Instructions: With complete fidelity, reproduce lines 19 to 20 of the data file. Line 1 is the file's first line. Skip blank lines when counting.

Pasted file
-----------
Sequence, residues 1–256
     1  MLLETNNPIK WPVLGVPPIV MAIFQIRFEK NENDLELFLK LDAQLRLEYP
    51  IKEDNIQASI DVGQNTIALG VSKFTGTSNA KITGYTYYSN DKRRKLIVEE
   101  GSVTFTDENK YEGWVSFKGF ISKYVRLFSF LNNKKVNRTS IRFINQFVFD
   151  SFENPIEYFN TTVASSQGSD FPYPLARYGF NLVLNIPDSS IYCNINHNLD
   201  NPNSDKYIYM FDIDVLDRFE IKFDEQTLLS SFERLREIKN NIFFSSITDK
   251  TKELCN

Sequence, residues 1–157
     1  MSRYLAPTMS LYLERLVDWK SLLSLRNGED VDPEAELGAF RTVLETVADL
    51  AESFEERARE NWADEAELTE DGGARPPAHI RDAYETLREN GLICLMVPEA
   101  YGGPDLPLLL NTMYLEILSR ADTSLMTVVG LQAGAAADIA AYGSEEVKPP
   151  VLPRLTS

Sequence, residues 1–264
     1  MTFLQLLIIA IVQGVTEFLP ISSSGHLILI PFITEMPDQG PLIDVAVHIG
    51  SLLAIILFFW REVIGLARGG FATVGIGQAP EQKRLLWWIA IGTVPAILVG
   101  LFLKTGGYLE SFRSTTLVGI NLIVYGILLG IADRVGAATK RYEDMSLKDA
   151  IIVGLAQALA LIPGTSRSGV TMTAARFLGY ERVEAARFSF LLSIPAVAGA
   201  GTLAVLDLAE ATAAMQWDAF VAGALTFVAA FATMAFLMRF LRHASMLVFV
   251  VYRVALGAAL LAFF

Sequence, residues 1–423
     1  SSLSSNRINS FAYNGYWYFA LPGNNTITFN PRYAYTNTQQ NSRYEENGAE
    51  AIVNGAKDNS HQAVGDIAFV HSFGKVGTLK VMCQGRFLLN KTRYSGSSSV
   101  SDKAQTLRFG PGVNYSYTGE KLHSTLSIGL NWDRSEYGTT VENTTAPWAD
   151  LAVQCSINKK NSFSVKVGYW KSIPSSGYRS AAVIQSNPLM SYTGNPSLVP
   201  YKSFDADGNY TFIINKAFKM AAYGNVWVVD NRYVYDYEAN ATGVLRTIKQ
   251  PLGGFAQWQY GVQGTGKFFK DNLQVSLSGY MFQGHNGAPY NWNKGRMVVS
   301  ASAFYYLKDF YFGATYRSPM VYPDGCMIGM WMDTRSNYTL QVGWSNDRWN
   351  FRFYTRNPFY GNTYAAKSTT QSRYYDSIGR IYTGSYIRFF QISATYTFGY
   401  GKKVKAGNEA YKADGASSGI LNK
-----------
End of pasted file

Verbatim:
   251  VYRVALGAAL LAFF

Sequence, residues 1–423